Wesly Mccune's grandfather had a stroke and took a turn for the worse on Christmas.
"He has been fighting and he's just gone downhill," Mccune says.
On such a joyous holiday, the emergency room typically sees more seriously ill patients.
"Mostly an elderly population, 80 years old plus... generalized weakness, falls, things like that -- a lot of nursing home patients," says Dr. Robert Hogan, an ER physician at Camden Clark Medical Center.
Hogan tries to make a Christmas visit as painless as possible for the patients since they're definitely not happy to be there.
"Sharing in the moment with them that I'm away from my family as well and they're here with us unfortunately and seeking medical treatment," the doc says. "I talk with them about Christmas and what it means to me and what it means to them."
Patient volume increases as it gets later on Christmas day.
"Probably after like three or so this afternoon it'll get more hectic or it won't get hectic," says Janelle Morikone, an R.N. at CCMC. "Usually after Christmas lunch people are done opening presents and everything like that, they'll start coming to the ER."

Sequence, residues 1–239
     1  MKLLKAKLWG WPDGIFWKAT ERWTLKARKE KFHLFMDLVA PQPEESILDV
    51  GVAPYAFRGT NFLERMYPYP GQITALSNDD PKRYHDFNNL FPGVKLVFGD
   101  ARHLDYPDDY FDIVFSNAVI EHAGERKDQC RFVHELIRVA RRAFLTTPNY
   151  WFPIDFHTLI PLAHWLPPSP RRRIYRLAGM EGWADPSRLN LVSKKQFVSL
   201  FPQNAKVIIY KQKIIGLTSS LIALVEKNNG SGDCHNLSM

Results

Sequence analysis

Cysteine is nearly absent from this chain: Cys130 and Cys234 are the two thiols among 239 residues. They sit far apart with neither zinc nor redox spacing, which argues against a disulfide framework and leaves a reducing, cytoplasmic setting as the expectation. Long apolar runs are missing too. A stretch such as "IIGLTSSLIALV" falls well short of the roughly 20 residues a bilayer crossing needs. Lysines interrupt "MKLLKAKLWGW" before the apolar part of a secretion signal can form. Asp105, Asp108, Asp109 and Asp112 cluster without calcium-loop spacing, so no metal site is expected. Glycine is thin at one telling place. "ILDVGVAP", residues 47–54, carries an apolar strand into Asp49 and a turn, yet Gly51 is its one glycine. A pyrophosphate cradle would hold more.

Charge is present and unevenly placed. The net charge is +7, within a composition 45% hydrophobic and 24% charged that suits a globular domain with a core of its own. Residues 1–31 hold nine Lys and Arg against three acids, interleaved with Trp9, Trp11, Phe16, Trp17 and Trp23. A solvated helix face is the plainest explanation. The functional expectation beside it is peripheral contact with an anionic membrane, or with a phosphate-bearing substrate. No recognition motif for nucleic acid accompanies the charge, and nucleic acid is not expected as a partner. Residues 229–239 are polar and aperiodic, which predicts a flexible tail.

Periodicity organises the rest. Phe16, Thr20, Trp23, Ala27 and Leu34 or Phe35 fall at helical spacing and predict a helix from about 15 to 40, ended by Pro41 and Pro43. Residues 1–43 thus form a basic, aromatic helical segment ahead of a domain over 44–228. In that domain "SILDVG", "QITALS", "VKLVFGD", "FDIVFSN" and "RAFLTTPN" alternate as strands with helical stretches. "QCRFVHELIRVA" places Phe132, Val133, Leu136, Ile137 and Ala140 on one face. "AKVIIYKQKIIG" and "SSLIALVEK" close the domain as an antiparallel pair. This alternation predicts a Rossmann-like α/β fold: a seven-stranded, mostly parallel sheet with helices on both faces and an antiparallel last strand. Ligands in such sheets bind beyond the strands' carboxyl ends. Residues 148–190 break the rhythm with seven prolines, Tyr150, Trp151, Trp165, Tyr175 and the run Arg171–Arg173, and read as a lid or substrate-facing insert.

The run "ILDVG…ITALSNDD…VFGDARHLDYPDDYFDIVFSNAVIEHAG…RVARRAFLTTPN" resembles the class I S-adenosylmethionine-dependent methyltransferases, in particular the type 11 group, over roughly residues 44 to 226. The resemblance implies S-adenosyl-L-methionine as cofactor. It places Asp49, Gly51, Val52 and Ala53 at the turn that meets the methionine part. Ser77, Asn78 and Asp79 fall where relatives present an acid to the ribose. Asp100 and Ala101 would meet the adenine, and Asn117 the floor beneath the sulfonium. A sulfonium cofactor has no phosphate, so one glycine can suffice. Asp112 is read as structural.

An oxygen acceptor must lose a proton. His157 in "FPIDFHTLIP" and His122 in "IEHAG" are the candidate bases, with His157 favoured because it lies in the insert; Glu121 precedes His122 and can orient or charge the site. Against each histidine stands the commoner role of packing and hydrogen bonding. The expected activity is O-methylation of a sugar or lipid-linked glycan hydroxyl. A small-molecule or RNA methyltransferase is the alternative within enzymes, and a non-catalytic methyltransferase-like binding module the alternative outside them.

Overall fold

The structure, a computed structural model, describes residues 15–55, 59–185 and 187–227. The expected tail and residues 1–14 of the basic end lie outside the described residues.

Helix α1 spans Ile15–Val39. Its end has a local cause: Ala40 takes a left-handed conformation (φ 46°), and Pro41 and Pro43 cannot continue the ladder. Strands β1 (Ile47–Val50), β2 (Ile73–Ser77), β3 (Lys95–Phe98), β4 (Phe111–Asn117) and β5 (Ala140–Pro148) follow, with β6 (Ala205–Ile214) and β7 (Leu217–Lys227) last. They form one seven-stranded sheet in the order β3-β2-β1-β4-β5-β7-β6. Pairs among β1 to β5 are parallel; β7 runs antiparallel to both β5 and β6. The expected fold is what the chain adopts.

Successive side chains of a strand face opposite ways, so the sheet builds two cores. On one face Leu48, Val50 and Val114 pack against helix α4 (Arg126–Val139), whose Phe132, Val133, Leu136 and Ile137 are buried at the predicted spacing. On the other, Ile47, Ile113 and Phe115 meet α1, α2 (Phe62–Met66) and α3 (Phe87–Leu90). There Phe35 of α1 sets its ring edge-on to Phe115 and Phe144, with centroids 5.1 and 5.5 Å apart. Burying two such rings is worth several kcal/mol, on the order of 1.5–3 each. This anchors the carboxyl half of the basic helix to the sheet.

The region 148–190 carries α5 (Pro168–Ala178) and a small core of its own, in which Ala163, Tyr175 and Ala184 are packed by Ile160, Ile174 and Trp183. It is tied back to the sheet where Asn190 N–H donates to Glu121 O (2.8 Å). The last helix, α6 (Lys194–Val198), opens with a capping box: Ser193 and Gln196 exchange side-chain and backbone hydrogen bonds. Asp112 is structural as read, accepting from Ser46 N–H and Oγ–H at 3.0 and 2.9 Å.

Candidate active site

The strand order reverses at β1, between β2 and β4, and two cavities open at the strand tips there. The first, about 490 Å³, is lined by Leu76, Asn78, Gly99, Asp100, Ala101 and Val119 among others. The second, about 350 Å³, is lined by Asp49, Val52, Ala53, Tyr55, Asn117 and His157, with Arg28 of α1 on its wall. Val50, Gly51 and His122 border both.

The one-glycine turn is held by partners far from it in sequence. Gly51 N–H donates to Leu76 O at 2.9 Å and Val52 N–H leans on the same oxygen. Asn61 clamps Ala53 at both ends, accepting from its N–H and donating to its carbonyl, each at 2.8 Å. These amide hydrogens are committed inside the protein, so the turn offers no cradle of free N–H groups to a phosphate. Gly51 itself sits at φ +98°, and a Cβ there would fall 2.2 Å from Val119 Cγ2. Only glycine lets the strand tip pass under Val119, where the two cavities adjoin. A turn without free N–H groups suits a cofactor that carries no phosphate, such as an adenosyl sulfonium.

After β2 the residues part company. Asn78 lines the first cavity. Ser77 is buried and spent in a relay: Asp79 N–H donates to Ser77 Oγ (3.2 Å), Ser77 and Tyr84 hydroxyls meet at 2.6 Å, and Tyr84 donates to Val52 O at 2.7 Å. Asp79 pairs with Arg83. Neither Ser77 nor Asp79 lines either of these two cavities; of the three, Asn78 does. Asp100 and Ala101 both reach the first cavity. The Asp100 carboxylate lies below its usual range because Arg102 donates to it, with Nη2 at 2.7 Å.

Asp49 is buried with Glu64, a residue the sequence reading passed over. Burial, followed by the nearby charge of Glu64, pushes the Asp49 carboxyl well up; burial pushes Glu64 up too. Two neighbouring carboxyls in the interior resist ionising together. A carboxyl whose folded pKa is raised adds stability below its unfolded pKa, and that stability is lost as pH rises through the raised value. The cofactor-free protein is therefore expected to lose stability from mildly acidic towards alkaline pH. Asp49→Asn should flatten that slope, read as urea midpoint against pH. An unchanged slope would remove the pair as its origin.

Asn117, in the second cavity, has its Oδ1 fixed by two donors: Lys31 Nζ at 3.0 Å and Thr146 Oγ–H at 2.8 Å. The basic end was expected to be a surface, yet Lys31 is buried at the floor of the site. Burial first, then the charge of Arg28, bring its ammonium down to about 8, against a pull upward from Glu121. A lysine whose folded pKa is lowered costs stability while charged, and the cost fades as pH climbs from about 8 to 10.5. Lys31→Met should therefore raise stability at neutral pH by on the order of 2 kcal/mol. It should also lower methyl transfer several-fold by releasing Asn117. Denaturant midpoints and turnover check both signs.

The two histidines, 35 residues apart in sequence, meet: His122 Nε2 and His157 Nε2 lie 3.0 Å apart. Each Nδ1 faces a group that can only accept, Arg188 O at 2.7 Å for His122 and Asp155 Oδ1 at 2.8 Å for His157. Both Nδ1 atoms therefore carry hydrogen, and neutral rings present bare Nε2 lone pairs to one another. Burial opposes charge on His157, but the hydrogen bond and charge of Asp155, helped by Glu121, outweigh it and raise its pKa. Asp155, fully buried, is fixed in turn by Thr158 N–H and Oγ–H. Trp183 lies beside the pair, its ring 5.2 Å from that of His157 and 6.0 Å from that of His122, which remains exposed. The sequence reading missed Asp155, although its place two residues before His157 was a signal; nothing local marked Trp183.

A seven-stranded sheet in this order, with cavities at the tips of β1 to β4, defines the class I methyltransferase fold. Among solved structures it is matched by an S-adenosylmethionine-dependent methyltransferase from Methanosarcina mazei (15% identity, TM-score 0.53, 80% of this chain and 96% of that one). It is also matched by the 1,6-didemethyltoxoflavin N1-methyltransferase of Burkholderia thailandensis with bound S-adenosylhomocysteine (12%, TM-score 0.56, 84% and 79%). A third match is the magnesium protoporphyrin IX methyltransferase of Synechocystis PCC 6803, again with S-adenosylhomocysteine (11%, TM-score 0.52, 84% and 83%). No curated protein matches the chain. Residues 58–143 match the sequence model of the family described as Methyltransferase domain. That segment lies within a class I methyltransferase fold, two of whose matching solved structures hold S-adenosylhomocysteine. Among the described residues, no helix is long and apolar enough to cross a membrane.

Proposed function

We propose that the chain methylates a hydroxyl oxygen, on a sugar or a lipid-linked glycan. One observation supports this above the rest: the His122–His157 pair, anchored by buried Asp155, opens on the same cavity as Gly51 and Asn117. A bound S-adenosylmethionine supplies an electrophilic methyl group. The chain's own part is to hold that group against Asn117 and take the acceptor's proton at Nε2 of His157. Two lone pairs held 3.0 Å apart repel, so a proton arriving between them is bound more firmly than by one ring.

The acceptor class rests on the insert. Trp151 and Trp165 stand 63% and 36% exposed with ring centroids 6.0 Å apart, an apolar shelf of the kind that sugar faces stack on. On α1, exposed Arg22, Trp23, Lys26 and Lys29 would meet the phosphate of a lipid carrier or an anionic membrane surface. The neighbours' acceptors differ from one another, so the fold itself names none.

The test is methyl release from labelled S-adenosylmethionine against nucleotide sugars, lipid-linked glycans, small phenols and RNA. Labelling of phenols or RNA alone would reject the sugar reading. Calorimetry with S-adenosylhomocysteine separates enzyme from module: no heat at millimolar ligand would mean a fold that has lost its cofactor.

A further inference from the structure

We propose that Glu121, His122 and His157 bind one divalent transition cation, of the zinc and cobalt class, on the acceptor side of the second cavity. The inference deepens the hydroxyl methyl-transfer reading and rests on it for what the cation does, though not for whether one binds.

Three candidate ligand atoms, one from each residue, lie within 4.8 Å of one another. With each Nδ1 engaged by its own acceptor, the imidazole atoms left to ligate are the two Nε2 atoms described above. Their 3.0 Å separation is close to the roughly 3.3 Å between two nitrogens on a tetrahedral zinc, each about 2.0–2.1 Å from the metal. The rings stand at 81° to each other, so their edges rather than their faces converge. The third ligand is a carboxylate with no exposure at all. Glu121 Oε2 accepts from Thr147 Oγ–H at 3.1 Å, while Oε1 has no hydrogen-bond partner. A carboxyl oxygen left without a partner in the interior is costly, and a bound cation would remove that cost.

The emergency room is the last place people want to be on Christmas Day but sometimes there's just no choice.
"Today we had a family get together and we were playing," says Gabby Miller of Parkersburg. "I went into this room and smashed my finger in the edge of the door and I like broke it."
"I've had a worse Christmas," Mccune says. "This is an iffy Christmas but it certainly isn't the worse."
Viewers with disabilities can get assistance accessing this station's FCC Public Inspection File by contacting the station with the information listed below. Questions or concerns relating to the accessibility of the FCC's online public file system should be directed to the FCC at 888-225-5322, 888-835-5322 (TTY), or email@example.com.